The final video was about determination and perseverance.  A dog hears the toaster oven 'ding' and cleverly pushes a chair up to the counter, climbs up onto the counter, opens the toaster oven, and pushed the tray with the food out onto the floor so he can eat it.  I used this to discuss how they also should be determined to learn new concepts and persevere instead of giving up.  So my slogan from this video is now "Be the dog!"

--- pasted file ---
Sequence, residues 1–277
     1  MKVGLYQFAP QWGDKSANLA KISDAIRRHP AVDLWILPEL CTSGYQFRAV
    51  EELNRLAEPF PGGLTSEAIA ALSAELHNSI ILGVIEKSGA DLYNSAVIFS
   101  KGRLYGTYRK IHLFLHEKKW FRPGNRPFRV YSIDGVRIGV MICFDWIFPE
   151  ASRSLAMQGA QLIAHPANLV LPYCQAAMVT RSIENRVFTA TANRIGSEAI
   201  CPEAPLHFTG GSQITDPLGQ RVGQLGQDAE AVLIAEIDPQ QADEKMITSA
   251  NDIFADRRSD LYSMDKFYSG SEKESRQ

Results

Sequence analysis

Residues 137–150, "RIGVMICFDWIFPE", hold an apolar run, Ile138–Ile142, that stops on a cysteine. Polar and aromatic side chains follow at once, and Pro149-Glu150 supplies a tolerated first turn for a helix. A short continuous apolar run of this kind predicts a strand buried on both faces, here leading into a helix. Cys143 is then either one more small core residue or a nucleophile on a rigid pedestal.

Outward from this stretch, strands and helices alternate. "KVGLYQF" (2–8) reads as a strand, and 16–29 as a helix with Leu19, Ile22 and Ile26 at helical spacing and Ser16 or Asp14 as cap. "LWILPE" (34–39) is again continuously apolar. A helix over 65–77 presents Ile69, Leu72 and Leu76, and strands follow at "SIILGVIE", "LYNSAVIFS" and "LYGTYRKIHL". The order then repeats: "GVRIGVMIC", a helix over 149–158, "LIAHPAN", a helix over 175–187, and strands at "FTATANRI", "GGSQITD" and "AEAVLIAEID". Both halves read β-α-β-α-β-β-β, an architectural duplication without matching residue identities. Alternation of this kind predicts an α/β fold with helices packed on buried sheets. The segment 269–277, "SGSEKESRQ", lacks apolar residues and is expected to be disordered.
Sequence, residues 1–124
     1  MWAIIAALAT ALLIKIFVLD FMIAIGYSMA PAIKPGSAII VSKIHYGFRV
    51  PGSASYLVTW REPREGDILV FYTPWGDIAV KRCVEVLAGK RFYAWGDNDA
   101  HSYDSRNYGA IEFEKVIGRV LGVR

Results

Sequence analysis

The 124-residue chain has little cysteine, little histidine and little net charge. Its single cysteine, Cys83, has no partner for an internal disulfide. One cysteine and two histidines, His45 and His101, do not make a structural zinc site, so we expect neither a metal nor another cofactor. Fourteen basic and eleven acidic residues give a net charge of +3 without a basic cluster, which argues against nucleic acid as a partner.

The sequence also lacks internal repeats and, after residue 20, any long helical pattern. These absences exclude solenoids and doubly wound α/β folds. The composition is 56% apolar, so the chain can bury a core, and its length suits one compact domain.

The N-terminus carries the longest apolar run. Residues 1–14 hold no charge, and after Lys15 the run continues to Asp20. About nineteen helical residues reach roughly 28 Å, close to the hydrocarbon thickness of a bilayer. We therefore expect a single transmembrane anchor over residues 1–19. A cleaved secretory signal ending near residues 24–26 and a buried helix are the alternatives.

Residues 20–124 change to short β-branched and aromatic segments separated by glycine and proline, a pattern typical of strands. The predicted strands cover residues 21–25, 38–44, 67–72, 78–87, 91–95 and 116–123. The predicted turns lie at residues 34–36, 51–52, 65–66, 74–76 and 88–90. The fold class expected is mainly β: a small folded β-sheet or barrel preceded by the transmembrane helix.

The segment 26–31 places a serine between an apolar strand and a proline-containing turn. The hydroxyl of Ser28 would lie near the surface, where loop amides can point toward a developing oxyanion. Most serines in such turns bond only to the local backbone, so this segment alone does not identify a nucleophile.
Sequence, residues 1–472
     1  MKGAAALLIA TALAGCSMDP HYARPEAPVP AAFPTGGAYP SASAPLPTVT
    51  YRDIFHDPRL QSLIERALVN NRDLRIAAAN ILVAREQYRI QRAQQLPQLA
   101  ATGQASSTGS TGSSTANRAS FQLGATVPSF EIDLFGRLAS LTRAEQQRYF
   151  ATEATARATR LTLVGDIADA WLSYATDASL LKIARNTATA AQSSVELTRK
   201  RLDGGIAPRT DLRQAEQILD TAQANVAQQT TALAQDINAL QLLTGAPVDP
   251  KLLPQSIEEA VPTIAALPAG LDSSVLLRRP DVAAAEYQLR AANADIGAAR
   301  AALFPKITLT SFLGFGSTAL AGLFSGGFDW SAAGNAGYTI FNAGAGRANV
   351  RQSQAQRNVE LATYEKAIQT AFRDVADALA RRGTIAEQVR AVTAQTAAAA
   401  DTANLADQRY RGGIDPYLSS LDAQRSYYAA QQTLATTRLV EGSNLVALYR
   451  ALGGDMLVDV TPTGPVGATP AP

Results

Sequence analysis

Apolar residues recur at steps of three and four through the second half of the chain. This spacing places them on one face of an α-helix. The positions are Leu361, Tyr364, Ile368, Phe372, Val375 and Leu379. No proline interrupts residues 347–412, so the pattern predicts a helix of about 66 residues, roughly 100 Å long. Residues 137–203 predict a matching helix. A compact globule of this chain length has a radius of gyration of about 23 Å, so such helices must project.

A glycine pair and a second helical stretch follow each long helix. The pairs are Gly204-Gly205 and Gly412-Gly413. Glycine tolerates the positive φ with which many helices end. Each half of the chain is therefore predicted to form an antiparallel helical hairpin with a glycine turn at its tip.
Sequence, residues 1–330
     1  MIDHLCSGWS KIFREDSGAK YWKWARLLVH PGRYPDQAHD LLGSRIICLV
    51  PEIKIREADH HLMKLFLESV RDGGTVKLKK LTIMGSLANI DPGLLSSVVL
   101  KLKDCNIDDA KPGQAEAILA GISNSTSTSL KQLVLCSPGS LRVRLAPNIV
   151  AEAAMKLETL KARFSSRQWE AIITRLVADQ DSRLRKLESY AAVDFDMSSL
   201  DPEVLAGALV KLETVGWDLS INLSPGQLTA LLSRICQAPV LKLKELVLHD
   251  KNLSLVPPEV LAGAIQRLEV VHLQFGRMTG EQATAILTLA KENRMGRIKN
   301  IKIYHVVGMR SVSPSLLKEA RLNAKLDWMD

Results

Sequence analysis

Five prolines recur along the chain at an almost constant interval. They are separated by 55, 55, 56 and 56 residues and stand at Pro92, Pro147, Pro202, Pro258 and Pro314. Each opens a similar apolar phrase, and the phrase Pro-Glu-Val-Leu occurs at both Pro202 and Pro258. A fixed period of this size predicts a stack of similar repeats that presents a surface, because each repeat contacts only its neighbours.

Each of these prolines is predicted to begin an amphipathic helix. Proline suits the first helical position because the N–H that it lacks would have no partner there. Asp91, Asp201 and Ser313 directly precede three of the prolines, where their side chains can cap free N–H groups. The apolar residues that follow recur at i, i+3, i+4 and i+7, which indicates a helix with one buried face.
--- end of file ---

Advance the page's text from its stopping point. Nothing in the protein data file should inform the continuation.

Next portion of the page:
After the videos, I had my classes do the 1-100 group work activity that I got from Sara VanDerWerf's blog.  The kids loved this and were so excited to try to beat their scores and beat the other teams.  I loved watching them working so well together.  After we finished the three rounds (by the way, only one team figured out the secret that the position of the numbers went around the paper from one quadrant to the next), we discussed "What good group work looks like" (also from Sara VanDerWerf) and I pointed out the things I had seen while they were working. When we got to number 2 ("They don't get distracted. They don't notice what other groups or the teacher is doing."), I told them I could have been doing a little jig in the back of the room and no one would have noticed.  I only hope the group work the rest of the year looks as good as today's did.